In 2021 the CAA published a survey of the built environment professions in the Commonwealth. The key findings of the survey revealed a critical lack of capacity in many of the Commonwealth countries which are rapidly urbanising and are among the most vulnerable, a lack of educational and institutional capacity to grow the professions fast enough, and an increasing recognition of weakness in built environment policy (ie planning policy and building code) in many Commonwealth countries in terms of standards, implementation, and enforcement.
The planning for climate change and rapid urbanisation survey of the built environment professions in the Commonwealth can be downloaded via this link: https://commonwealthsustainablecities.org/survey/
Related to this, also in 2021, the CAA released a Call to Action on Sustainable Urbanisation across the Commonwealth. It was developed jointly by the Association of Commonwealth Universities (ACU), the Commonwealth Association of Architects (CAA), the Commonwealth Association of Planners (CAP), and the Commonwealth Local Government Forum (CLGF), in collaboration with the Rwandan Ministry of Infrastructure, the Rwandan Ministry of Local Government and The Prince’s Foundation, with support from other Commonwealth organisations, governmental, professional and technical partners. The call focuses on 3 main areas:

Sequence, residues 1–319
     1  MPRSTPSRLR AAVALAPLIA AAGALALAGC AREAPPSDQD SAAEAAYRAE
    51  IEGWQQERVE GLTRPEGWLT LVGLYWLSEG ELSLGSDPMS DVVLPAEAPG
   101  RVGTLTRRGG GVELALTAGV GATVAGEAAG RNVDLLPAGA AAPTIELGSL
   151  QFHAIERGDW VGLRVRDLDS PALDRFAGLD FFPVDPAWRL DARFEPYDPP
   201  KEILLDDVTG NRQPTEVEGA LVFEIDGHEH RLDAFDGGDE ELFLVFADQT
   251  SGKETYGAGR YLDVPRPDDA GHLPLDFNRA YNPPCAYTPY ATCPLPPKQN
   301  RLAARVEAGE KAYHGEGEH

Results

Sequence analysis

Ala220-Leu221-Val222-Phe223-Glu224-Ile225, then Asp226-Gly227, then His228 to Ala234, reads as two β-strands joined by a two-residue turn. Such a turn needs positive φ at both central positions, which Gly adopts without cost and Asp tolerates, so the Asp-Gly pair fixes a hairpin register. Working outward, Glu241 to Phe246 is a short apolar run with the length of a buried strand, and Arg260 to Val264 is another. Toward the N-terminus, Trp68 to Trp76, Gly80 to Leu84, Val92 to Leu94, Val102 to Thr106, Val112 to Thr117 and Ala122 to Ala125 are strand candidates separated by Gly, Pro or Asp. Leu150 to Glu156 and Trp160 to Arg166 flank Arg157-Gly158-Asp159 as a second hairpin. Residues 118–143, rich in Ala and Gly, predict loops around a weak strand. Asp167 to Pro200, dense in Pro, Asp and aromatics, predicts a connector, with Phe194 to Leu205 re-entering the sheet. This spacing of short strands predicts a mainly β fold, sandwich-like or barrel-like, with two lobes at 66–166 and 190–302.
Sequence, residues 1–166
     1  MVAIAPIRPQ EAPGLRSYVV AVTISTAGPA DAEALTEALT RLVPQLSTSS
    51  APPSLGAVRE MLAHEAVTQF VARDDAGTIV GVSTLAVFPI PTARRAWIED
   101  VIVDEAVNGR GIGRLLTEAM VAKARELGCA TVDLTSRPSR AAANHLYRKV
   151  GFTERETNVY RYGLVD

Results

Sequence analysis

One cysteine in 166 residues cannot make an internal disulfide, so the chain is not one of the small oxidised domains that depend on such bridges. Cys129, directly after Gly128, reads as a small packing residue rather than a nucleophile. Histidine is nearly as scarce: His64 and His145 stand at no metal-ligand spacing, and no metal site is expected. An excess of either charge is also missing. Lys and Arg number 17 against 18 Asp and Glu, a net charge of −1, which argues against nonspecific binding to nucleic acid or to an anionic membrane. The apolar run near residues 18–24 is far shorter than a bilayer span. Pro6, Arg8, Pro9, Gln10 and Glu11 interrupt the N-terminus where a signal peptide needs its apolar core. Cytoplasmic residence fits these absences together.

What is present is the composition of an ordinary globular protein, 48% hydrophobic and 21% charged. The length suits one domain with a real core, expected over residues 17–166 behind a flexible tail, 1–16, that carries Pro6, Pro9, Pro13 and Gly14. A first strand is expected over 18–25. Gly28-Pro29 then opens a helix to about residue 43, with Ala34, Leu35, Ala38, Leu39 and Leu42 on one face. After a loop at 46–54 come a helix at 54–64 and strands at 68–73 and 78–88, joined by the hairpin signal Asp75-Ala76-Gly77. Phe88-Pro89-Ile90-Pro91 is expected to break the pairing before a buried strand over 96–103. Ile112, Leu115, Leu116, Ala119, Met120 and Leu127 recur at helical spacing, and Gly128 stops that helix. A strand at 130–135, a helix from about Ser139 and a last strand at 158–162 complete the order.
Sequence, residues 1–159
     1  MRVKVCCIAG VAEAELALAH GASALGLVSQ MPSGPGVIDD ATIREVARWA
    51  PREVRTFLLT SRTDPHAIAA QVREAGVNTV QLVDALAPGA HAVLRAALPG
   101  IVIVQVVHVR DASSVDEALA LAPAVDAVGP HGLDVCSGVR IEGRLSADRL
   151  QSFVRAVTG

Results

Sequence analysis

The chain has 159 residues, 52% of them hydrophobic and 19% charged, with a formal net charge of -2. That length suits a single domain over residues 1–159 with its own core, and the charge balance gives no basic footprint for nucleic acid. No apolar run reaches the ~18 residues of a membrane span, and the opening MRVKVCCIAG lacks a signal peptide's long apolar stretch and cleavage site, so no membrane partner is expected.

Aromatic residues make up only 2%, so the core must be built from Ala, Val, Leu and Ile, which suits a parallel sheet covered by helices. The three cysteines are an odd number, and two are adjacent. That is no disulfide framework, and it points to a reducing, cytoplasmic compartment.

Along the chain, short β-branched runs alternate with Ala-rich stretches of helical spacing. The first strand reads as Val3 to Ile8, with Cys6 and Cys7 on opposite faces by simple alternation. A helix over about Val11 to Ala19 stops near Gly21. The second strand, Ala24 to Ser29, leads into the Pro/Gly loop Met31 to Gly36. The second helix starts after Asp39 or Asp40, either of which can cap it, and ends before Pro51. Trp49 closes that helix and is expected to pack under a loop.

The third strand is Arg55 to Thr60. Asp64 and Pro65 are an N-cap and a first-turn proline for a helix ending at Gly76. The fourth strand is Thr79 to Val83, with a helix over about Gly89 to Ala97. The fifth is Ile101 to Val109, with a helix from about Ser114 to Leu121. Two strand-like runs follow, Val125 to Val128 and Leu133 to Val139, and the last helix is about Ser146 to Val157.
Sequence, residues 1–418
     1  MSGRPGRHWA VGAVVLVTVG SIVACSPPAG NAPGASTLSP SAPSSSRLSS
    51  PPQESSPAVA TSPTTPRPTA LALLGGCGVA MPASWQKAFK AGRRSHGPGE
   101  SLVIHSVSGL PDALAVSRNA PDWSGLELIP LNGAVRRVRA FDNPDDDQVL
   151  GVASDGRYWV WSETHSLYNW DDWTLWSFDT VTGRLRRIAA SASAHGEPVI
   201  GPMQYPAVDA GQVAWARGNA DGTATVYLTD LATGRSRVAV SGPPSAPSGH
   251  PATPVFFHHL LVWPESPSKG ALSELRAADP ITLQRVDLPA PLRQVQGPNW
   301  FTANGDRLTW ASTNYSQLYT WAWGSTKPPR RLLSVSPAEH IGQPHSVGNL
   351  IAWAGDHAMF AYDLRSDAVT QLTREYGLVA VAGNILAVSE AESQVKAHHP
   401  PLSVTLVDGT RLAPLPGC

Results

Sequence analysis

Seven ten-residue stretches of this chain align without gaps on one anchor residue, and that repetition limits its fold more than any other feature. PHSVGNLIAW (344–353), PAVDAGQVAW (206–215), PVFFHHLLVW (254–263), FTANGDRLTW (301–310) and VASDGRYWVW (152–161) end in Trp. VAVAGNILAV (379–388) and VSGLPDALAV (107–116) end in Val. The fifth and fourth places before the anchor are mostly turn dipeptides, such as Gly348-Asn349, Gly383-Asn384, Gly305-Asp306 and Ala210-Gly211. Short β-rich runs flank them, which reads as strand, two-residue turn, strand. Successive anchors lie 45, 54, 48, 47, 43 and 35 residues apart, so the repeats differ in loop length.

- A greater focus on enabling sustainable urbanisation in Commonwealth policymaking.
- A Commonwealth dialogue to define and implement a new way of working across our respective networks towards multi-level governance and sustainable urbanisation
- A commitment by member states to a new Commonwealth Initiative of practical action to support sustainable cities and human settlements across the Commonwealth to respond to the Call to Action and to play their full role in achieving the SDGs. This will be driven by Commonwealth cities and human settlements, and delivered by relevant Commonwealth partners and other governmental, professional and technical partners.